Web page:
The Unthinkable Becomes Thinkable
Published Nov. 15, 2011 @ 6 a.m.
If you have reason to believe a child is being sexually abused you should call 1-800-252-5400 to report your suspicions.
For a week now it has been difficult to turn on the television and not read about the Penn State scandal. The scandal is especially ironic since as an institution and football program Penn State championed their integrity. How could such a thing be allowed to happen? I am afraid that it might be a lot easier than we would like to imagine.
It begins with relationships. The alleged perpetrator was a close friend and confidant of Joe Paterno. For 30 years they had coached together and the alleged perpetrator still had offices in the athletic department. Everyone had supported the Second Mile foundation that the alleged perpetrator had established. There was a sense of mutual admiration and trust in the department.
These things are not unusual for a child sexual perpetrator. Many seek and gain trusted positions. I am not sure about the alleged perpetrator at Penn State but many sexual molesters in our area (and yes, they live and work in our area) are upstanding church members, members of booster clubs, and work to be respected citizens in their communities.
Having gained our trust and confidence we don’t want to believe the whispered rumors against our friend and confidant. In fact, when a parent begins to suspect that their child might be a victim the perpetrator's friends often react not only with disbelief but with anger that someone would be trying to “bring their friend down” in such a way. How could anyone try to wreck the life of such a wonderful person? The child molester counts on such a reaction.
Then something even more insidious that comes into play. As we have noted, the alleged perpetrator at Penn State has followed a pattern regularly established by child sexual predators. Being a trusted member of the community and having been placed in a position of authority the predator's demise will seriously affect the institution. For other authority figures this is a threat to their life’s work and love. The unthinkable becomes thinkable. The good of the institution is considered more noble than the evil suffered by an individual child. The predator is demoted but the crimes continue.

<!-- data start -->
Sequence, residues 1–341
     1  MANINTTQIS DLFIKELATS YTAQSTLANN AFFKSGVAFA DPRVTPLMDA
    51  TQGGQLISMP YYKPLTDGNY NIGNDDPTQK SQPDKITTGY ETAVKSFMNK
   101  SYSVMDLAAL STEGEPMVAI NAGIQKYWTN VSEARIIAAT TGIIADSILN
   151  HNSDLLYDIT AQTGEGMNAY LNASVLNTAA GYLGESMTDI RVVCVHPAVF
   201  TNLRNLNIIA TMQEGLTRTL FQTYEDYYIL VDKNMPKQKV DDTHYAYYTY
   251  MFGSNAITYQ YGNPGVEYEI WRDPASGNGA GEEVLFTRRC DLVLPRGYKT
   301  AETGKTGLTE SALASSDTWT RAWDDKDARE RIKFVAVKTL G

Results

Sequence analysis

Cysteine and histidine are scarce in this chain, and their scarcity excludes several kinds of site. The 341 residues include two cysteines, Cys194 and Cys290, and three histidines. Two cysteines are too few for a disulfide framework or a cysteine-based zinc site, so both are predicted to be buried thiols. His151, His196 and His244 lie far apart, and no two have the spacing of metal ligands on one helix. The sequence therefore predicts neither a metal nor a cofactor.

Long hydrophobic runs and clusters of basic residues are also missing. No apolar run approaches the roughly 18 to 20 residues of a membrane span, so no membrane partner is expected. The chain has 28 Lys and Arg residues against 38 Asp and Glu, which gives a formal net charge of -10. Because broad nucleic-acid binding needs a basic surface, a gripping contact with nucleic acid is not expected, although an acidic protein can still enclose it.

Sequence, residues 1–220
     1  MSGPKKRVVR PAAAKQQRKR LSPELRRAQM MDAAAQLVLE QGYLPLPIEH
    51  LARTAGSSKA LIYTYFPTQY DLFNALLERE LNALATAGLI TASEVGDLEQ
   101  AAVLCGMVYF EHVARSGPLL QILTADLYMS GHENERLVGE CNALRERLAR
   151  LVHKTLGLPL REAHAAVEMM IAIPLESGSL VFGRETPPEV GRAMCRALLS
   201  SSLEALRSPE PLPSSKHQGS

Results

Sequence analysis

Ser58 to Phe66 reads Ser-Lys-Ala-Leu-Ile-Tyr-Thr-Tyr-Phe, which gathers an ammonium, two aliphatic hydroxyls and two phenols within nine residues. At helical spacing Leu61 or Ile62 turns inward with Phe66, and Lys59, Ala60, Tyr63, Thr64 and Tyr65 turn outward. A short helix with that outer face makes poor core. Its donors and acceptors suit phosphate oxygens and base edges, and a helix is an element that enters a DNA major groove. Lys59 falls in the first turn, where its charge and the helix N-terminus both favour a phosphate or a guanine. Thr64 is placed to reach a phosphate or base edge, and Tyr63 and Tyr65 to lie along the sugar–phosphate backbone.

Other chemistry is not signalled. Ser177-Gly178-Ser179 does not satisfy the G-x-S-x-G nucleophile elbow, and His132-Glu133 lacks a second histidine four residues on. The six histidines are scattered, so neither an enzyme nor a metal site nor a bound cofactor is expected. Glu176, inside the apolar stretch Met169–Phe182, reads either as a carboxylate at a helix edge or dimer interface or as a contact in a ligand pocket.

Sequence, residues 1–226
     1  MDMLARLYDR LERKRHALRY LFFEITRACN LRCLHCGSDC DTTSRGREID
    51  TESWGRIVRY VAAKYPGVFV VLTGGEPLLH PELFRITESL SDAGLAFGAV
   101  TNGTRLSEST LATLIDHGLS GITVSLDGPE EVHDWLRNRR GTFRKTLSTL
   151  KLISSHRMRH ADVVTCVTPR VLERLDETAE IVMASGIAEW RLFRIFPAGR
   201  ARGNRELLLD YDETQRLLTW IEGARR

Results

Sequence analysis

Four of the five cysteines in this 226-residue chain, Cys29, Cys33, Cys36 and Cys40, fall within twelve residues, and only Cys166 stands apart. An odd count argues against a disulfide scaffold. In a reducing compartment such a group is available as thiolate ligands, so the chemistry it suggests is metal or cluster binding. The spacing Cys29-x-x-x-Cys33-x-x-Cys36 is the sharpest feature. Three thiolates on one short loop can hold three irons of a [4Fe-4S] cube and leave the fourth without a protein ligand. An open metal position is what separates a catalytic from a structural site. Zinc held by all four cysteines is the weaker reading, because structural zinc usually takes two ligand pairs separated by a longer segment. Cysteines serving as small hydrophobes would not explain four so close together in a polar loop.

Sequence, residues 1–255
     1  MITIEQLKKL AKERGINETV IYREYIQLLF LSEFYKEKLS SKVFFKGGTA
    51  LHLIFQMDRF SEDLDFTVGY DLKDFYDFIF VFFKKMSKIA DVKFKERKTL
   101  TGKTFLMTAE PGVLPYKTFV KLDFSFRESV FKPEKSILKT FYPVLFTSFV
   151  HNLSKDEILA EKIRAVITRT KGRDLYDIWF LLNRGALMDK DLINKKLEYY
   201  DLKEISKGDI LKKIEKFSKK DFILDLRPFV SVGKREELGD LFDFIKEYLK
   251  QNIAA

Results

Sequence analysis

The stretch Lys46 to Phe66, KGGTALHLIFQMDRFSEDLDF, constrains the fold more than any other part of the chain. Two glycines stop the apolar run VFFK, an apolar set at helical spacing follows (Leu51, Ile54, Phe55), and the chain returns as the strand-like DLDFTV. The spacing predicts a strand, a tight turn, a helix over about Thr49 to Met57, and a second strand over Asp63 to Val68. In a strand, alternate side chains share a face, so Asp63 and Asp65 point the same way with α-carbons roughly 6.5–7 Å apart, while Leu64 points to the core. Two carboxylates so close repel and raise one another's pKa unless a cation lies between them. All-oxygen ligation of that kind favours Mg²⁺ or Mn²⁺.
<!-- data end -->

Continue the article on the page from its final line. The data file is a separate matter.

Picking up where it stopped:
I do not intend these reasons as a defense of Penn State. There is no defense for what happened there. I am simply pointing out that it could be happening around us. The greatest deterrent to child sexual abuse is the vigilance of adults that are in a position to figure out what is going on. Just before I moved from Amarillo a prominent church there was informed one of its long-time children’s Sunday school teachers was to be charged for child sexual misconduct. It is probably happening in Post Texas.
For several years now I have volunteered as a counselor at an elementary church camp. Before I can go I have to complete an on-line course and test that reminds me of the signs of sexual abuse and the reporting requirements. I am also reminded that in the State of Texas I am required to report if I have a reason to believe sexual abuse took place. I don’t have to believe that the abuse took place. I just have to have reason to believe. If I do not report when I have been given a reason to believe that child sexual abuse may have taken place then I am guilty of a felony. Joe Paterno would be legally culpable in the State of Texas. If you have reason to believe a child is being sexually abused the State of Texas provides a hotline for you to report that possibility. That number is 1-800-252-5400. You are not deciding guilt, innocence or probability. That is the job of state law enforcement. You are legally and morally required to report the possibility. (And no, reporting to your superior does not constitute a report)
One last caution, many child predators were sexually abused as children themselves. If we allow child sexual abuse to continue its cycle we are creating an even bigger problem.
“Not all monsters are bad, but the ones who are good Never do what they could, never do what they could” – “Good Monsters” JoshPowell (Jars of Clay).